Cat food puzzles, puzzle feeders, slow feeders, foraging toys. Whatever you call them, it doesn’t matter. What does matter is the benefit they provide your cat!
In a natural environment, cats spend a good amount of their daily routine hunting and foraging for food. Their survival depends on it!
These activities provide an incredible amount of physical and mental stimulation, and this should give us cat guardians a clue when we are looking to increase our cats’ environmental enrichment.
Foraging toys and food puzzles can be this valuable addition. They are often not considered by cat guardians, but let me tell you that’s a huge mistake! Here are a few great reasons why a puzzle feeder should be next on your ‘to buy’ or ‘to make’ list:
Food doesn’t come easy in a cat’s natural environment. Not every hunt ends in a successful run-and-catch. In fact, a lot of food-gaining activities are done using foraging techniques.
The sound of a lizard scratching inside a tree trunk, or a mouse down a hole. These situations create physically and mentally demanding decisions for a cat, who now has to work out how to flush his prey out! A puzzle feeder can mimic these situations and satisfy in-built hunting/foraging needs.
Cats naturally eat several smaller meals throughout the day. Sources say somewhere between nine and sixteen! With a stomach the size of a ping pong ball, they aren’t particularly built for one or two larger meals each day.
Puzzle feeders can help spread a cat’s caloric intake across the day, much like they are built for. They can either be used to supplement normal meal times, or even used exclusively for feeding!
In the same vein as the first point, cats rarely have their food served up on a platter in a natural environment (which is essentially what is happening in a domestic environment). A cat who only has to wait for meals, or, for free-fed cats, mosey on over to the food bowl, is a cat who is not really getting naturally stimulated.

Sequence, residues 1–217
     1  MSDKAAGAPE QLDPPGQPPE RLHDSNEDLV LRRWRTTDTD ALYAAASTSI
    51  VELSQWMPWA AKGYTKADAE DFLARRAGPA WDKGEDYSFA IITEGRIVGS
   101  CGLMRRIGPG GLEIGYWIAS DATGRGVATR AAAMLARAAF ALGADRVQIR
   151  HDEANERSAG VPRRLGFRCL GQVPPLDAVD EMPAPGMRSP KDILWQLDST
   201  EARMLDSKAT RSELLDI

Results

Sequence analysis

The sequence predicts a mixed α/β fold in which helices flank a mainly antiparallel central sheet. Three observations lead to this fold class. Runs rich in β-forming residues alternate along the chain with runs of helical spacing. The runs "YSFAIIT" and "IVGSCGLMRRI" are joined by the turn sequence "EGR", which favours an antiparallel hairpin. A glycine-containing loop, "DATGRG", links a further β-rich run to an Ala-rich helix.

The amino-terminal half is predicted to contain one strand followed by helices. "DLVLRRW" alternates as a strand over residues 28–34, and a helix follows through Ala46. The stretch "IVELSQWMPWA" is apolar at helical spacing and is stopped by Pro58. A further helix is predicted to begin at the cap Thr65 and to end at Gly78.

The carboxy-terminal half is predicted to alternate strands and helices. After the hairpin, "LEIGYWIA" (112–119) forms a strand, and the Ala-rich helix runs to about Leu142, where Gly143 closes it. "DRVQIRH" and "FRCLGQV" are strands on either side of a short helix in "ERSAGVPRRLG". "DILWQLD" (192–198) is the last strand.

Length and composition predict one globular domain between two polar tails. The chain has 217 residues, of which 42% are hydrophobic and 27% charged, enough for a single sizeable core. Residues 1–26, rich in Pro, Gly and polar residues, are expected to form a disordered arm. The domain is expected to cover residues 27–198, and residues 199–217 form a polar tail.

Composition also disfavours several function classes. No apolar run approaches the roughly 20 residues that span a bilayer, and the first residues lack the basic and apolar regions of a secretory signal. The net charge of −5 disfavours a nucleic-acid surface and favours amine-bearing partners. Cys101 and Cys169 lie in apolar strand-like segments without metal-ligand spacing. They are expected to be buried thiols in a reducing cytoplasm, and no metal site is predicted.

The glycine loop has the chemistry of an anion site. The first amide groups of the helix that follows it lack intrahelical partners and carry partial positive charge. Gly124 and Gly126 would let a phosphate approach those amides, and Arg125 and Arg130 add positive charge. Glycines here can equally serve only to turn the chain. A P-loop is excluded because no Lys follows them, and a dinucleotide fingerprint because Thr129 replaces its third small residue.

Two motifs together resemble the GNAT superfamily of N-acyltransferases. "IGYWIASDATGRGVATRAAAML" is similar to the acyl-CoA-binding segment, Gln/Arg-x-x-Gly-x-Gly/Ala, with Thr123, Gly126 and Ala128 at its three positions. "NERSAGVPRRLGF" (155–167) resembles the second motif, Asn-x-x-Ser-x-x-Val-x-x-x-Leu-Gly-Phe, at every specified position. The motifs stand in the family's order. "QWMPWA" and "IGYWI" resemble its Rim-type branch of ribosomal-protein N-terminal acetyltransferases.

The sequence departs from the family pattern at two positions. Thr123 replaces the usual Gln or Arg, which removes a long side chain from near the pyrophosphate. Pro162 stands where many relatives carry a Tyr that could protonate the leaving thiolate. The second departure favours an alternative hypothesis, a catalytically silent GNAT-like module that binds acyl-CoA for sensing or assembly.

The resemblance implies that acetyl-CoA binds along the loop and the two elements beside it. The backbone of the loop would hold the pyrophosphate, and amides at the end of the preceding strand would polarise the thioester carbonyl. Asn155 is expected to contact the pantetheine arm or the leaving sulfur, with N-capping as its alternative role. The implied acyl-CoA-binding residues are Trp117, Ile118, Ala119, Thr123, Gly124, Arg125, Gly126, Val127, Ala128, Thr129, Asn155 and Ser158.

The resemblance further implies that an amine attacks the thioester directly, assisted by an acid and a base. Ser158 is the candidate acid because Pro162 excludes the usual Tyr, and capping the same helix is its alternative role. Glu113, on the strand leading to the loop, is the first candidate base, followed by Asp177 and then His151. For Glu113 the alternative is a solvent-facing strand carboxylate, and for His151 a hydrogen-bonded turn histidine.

Overweight cats can really benefit from having to work for food, as the physical and mental demands expend a lot of energy.
A cat can eat a cat-food meal in a couple of minutes. A good puzzle feeder or foraging toy can keep them occupied for much, much longer. This is a great tool if you’re dealing with separation anxiety and other behaviour issues. Diverting their focus to a food puzzle when you’re leaving the house can keep a cat happy in your absence.
The ‘scarf-and-barf’ is a reality for many cat guardians. A good puzzle feeder can really slow down they time it takes to eat, reducing the likelihood of the post-meal vomit.
This can also be useful in multi-cat households where one cat gobbles food quickly then goes in search of the other cats’ food.
Do I need to keep going?!
You might now be wondering what type of puzzle feeder to get. If you go to the pet shop, or look at Amazon, you might feel a bit overwhelmed with the sheer multitude of the different types on the market. This is actually part of the fun!
Let’s cut through the clutter and keep it simple: there are two main categories of puzzle feeders – stationary and rolling.
The stationary ones, for the most part, appear to be easier and are good for cats who haven’t used puzzle feeders before. These generally are the ones where the cat grab the food with their paw, usually hidden inside something. Most are for dry food, but there are some that enable wet food to be used.
On the other hand, the rolling ones usually require the cat to bat them around on the ground with the hope of food randomly falling out. These ones are usually exclusively for dry food or treats.
Different cats get stimulated and motivated by different types, so it’s a good idea to try a few.
The best part is that you can make them very easily at home! No actual need to spend money at the pet shop if you don’t want to. Just googling ‘DIY puzzle feeders for cats’ will bring up a plethora of ideas and instructions, all using cheap and readily available household items like toilet paper rolls, boxes, tennis balls etc.
Here is a wonderful website on food puzzles for cats, with some great ideas to get started. Just click on “Homemade Puzzles” in the menu. It also gives you some pointers if your cat is just not getting the hang of food puzzles! It also showcases the various types you can buy, and even has a difficulty-rating system!
I hope I’ve convinced you to at least consider using a puzzle feeder or foraging toy for your cat, especially if dry food is part of his diet. They create enormous amounts of stimulation and can be a fantastic addition to an overall environment enrichment strategy. I suggest them more and more to clients with wonderful results!